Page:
WEATHERING, EROSION, and DEPOSITION REVIEW

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1 WEATHERING, EROSION, and DEPOSITION REVIEW Weathering: The breaking up of rock from large particles to smaller particles. a) This Increases surface area of the rock which speeds the rate of chemical weathering. b) Rock weather on the surface of the earth only. Rocks underground or underwater do not weather. 1) There are 2 basic kinds of weathering: a) Chemical weathering 1) Changes kind of material (ex. iron into iron oxide - rust) 2) Surface phenomenon - reactions occur on the surface of rocks, not inside them (usually). 3) Like most chemical reactions, water is required. 4) Hotter = faster 5) Fastest chemical weathering occurs in warm/moist climates a) oxidation (ex. iron combines with oxygen to form rust) b) hydration - minerals in rocks combine with water. c) carbonation - rocks, especially limestone react with carbonic acid. 6) Depends on KIND of rock. Some rocks (limestone) are chemically reactive. Other rocks (quartz) tend not to react with chemicals. b) Physical weathering (aka Mechanical weathering). 1) Frost action: Water gets into cracks - freezes - expands - enlarges the crack. Requires alternating freeze-thaw cycles. 2) Wave action: Waves pounding against rocks - sand and rocks in the waves help to break up the shoreline. 3) Stream abrasion - The rounding and smoothing of rocks as they tumble in a stream. These rocks are the cutting tools of the stream which downcut the stream s V-shaped channel as they roll along. 4) Wind abrasion - Important in dry climates. The wind picks up sand and blows its against rocks causing pitting (sandblasted appearance). 5) Root Wedging - Plant roots grow into cracks in rock and split them. 6) The rate of physical weathering depends on the resistance (hardness) of the rock and on the kind of climate. Weathering is necessary for the formation of soils. If rocks didn t weather there would be no minerals in soils which are needed by plants and animals.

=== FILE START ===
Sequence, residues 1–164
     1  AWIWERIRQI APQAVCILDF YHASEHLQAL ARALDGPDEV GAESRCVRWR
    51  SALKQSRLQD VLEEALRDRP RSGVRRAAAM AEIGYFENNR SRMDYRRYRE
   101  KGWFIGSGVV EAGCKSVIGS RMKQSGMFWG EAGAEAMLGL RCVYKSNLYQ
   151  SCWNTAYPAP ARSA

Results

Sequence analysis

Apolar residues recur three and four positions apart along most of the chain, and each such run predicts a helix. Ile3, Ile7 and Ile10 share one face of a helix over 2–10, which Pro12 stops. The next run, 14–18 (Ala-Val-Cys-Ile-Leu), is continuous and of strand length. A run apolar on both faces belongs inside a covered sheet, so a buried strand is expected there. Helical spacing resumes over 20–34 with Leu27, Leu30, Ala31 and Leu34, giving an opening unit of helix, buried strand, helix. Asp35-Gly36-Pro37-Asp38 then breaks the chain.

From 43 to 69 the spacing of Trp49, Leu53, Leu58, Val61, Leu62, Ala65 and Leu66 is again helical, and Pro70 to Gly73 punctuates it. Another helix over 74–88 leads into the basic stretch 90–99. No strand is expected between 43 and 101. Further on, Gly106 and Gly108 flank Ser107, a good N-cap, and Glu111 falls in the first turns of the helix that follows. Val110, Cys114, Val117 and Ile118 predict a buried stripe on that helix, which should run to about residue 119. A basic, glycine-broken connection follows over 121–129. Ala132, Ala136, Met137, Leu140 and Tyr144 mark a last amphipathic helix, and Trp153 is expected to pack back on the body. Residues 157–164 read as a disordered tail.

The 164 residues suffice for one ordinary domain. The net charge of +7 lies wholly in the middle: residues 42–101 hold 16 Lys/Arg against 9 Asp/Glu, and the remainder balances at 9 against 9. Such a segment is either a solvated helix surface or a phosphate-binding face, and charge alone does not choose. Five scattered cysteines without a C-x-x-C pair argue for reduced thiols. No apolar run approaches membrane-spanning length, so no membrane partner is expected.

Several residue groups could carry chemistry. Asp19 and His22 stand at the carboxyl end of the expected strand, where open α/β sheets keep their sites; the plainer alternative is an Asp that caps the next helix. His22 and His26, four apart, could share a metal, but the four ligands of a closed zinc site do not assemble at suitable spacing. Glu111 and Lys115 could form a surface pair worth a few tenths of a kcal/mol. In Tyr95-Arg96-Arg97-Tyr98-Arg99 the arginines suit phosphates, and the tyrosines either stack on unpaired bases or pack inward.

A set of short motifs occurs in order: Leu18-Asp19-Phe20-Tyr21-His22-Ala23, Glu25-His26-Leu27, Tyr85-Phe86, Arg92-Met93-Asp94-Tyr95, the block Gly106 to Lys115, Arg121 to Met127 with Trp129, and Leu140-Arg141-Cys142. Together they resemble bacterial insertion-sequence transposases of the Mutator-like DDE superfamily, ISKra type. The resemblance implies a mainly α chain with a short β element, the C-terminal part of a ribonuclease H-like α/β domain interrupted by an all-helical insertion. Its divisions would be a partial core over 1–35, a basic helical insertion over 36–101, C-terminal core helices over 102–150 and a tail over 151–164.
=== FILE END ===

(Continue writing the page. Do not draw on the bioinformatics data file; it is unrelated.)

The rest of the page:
2 2) Erosion (Leveling) - transport of sediments from one place to another. A) Gravity is FORCE driving all erosion 1) Rocks found at the base of a cliff got there by gravity only. B) Agents of erosion: 1) Running water is the dominant (most important) agent of erosion in most places on Earth today. a) How does running water transport particles? 1) in suspension 2) by floatation 3) rolling along the bottom (saltation) 4) in solution > Key concepts of water erosion.: 1) V-shaped stream channels are a sign of water erosion. 2) The rate of stream erosion depends on the velocity (speed) of the stream. Velocity of the stream depends on: > slope (steep = fast) > stream volume (aka discharge - More volume = faster) > shape/size of channel (if channel narrows velocity increases) 3) Fastest stream flow occurs on the outside of a curve (erosion) Slowest on inside of curves or where entering lake or ocean (deposition) Fastest stream flow occurs also occurs at a point farthest from the bottom and the sides where drag occurs. Straight - fastest in center. Deepest in center Fastest on outside of curve Deepest on outside (C) Fastest on outside of curve Deepest on outside (F) > Flow is fast if the channel is narrow. The rate slows if the channel widens or if the stream enters a lake or the ocean. > Sediment carried in suspension is always moving more slowly than the water of the stream. Outside of curve = fast = erosion. Inside of curve = slow = deposition